Everything Is Obvious- Circular Reasoning

Everything Is Obvious* Once You Know the Answer by Duncan J. Watts and has captured my interest from the first second I read the title. This is clearly surprising coming from a college student forced to read non-fiction for a marketing class. However, the book explains how common sense often fails the human brain because many facts/events seem to happen for an obvious reason simply because we can look back to analyze the facts. When humans are in the moment we can’t judge something as easily because our logic is not as strong as it appears.

Chapter 3 dives into the theory of circular reasoning in which Watts states ” all we are really saying is that ‘X happened because that’s what people wanted; and we know that X is what they wanted because X is what happened”. The discussion here is based on famous items and how they became famous which society often declares “well, it’s common sense how it became popular”! The author uses the Mona Lisa, Harry Potter and Facebook as examples and suggests that once this concept is understood it is difficult to argue other popular ideas in society because the facts simply lead you back in a circle.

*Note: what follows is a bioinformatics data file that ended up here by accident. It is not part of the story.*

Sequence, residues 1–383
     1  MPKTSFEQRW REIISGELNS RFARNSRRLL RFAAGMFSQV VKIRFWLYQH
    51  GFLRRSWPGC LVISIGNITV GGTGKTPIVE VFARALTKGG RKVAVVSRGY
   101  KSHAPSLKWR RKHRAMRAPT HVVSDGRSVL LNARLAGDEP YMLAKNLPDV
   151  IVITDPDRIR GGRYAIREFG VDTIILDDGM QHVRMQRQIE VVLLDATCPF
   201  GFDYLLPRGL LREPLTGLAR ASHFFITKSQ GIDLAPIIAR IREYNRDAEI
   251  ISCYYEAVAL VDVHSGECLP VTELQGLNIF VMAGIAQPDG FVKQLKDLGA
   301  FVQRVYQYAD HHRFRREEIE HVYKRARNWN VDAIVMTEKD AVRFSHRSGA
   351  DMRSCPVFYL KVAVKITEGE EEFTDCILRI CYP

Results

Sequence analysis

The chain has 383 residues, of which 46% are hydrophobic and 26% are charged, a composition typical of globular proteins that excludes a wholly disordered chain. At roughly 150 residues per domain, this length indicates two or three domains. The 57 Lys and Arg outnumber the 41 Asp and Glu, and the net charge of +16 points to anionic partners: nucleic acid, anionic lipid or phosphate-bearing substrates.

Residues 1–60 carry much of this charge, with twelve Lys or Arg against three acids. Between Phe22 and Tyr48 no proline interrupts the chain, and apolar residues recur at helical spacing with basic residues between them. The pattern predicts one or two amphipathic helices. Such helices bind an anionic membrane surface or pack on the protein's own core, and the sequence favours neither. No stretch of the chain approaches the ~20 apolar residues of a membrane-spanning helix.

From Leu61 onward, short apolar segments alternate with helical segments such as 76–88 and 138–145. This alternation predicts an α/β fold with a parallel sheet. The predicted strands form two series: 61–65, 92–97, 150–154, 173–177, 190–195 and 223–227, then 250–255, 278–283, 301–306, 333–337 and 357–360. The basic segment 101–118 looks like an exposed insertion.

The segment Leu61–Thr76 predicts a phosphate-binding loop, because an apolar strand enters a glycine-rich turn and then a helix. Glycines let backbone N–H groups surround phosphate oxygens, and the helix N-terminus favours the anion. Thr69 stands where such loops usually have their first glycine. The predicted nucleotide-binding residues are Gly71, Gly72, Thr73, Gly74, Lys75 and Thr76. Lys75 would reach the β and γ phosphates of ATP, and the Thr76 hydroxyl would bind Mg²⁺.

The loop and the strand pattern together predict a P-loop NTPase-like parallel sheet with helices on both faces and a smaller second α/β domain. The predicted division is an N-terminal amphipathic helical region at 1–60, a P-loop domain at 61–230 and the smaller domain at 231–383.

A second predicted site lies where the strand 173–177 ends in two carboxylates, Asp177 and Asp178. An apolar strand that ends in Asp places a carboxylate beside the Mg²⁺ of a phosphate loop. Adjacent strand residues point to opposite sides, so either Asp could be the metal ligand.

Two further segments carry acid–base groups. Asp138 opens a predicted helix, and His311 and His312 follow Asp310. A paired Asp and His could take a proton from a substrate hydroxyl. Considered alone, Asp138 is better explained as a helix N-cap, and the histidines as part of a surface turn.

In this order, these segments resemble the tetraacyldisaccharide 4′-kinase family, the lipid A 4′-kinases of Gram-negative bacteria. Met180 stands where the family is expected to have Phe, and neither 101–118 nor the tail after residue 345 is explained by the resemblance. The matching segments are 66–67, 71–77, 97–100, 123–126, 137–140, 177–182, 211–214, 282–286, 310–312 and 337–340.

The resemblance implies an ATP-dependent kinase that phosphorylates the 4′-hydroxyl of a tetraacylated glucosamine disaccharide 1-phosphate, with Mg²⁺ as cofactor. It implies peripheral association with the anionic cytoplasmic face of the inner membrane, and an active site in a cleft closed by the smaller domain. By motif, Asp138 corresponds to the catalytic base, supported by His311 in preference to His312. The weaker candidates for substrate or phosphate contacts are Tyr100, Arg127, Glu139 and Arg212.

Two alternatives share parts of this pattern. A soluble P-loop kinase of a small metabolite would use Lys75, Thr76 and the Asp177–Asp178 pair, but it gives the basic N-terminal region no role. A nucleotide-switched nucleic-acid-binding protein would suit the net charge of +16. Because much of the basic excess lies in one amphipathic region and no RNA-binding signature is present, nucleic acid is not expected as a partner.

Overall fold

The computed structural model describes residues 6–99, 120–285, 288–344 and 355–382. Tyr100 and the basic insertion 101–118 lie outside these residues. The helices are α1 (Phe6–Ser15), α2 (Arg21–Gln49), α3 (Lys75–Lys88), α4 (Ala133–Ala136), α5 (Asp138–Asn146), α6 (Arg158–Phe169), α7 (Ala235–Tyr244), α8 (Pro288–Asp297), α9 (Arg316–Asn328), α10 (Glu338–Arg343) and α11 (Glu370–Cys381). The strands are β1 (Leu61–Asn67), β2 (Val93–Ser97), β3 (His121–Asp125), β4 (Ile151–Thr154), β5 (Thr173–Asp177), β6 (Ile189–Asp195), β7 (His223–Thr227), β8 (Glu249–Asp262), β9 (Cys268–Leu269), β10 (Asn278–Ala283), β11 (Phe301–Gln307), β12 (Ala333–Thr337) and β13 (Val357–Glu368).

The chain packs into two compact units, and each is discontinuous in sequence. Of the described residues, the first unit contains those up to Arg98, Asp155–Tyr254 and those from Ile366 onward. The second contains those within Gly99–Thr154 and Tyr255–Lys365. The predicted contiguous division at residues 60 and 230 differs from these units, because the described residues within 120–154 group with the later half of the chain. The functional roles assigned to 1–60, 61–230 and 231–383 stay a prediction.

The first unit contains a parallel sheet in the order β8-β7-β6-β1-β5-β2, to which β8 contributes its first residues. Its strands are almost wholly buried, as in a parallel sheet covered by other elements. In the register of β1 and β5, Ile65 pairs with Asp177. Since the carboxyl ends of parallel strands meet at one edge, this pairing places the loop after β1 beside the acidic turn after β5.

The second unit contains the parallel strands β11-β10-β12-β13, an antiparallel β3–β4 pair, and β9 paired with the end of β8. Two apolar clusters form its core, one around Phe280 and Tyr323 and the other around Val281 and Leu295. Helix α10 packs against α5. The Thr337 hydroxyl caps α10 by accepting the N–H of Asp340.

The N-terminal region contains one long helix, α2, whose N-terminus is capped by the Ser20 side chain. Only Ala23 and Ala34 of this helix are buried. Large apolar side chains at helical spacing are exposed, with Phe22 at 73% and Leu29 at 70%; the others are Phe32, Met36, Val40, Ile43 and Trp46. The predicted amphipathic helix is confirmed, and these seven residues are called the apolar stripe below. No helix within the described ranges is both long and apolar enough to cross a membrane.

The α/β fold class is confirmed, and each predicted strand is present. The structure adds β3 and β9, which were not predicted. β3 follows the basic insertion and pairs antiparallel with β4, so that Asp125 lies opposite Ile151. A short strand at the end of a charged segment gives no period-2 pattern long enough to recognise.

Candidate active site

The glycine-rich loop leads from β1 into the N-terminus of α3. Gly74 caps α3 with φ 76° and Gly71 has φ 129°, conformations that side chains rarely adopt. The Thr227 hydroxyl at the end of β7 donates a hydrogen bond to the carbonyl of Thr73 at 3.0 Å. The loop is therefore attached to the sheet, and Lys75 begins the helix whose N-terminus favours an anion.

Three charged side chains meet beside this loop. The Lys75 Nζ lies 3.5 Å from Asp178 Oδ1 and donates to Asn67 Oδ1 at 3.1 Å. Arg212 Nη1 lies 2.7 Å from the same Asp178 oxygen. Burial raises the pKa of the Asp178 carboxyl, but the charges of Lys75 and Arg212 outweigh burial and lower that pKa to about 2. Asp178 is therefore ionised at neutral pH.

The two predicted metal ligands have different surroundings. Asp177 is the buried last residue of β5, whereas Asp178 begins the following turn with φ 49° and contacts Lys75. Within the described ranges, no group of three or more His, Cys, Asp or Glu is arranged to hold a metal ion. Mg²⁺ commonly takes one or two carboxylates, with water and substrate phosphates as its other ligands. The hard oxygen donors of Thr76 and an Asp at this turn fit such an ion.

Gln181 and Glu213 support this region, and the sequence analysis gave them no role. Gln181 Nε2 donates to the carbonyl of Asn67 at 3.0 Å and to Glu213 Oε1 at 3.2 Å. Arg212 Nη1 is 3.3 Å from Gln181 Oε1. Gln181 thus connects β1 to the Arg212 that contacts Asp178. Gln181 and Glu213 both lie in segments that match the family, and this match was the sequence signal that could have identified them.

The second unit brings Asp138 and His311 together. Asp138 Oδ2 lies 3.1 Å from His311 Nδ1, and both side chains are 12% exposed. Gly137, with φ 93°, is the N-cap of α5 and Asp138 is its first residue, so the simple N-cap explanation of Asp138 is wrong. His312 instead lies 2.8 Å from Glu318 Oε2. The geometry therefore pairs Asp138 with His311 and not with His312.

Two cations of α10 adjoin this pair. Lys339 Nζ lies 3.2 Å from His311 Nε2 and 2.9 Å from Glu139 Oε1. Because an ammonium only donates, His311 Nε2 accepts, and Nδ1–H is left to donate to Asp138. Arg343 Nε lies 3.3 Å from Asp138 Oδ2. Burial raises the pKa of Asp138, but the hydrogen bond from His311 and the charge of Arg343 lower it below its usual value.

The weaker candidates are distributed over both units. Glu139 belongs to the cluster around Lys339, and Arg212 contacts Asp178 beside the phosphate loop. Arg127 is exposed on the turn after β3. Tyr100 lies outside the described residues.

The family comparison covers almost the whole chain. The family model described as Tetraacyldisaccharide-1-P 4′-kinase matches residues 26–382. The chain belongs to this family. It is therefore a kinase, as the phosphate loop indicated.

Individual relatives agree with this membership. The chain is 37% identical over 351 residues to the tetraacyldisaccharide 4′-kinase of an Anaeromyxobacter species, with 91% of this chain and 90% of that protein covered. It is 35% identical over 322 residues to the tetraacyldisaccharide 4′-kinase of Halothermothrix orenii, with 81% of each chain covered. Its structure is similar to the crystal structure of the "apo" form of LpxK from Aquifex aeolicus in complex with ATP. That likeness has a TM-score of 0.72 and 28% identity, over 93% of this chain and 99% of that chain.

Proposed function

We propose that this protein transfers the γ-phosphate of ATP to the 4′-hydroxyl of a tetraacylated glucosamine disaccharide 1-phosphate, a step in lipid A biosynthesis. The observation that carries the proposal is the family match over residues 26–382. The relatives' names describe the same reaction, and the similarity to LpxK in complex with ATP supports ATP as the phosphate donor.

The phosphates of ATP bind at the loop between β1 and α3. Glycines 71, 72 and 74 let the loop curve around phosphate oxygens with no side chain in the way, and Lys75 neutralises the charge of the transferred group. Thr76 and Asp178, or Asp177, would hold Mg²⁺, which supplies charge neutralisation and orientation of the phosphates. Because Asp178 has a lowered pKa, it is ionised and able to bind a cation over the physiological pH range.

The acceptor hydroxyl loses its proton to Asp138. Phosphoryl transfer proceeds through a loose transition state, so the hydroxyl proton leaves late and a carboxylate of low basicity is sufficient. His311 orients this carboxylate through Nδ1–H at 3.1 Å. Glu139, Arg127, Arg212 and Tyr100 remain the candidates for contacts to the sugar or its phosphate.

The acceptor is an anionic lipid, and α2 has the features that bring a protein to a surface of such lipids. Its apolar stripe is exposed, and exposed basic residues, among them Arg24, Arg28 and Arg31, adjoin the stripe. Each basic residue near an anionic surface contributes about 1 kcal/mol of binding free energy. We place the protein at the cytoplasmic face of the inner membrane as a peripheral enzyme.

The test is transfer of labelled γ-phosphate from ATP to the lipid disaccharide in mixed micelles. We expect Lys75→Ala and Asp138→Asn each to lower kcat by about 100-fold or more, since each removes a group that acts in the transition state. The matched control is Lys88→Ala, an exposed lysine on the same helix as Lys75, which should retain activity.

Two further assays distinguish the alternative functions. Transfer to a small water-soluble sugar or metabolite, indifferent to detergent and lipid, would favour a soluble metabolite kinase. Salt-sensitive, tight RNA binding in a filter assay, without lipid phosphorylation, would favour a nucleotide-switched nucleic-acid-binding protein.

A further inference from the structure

Ugg boots are not a fashion item I enjoy– stay with me here–  yet they are the first ridiculously popular item that popped in my brain to test the circular reasoning idea. How does a plain, simple, fur-lined boot become a national trend? My opinion is that the creators took a fur covered boot and turned it inside out for a suede outing with the seams showing. Uggs did not inspire everyday society by celebrity influence and certainly not by an affordable price. But many other women have fallen in love with them due to the comfort of the warm fur and simple style. There might have been some luck involved with having the shoe being promoted so widely – but in the end the only way to describe what makes the boot popular is simply the exact description of the boot. Uggs are popular because they are Uggs. X is popular because it is X and it became popular. What seems like common sense thinking “because everyone wanted them” leads to answer why people wanted them with “because they are Uggs”. A prime example of how common sense can trick the human mind and fall apart to pieces.

Watts describes different theories in a light conversational way and challenges the reader to consider what “common sense” really means.

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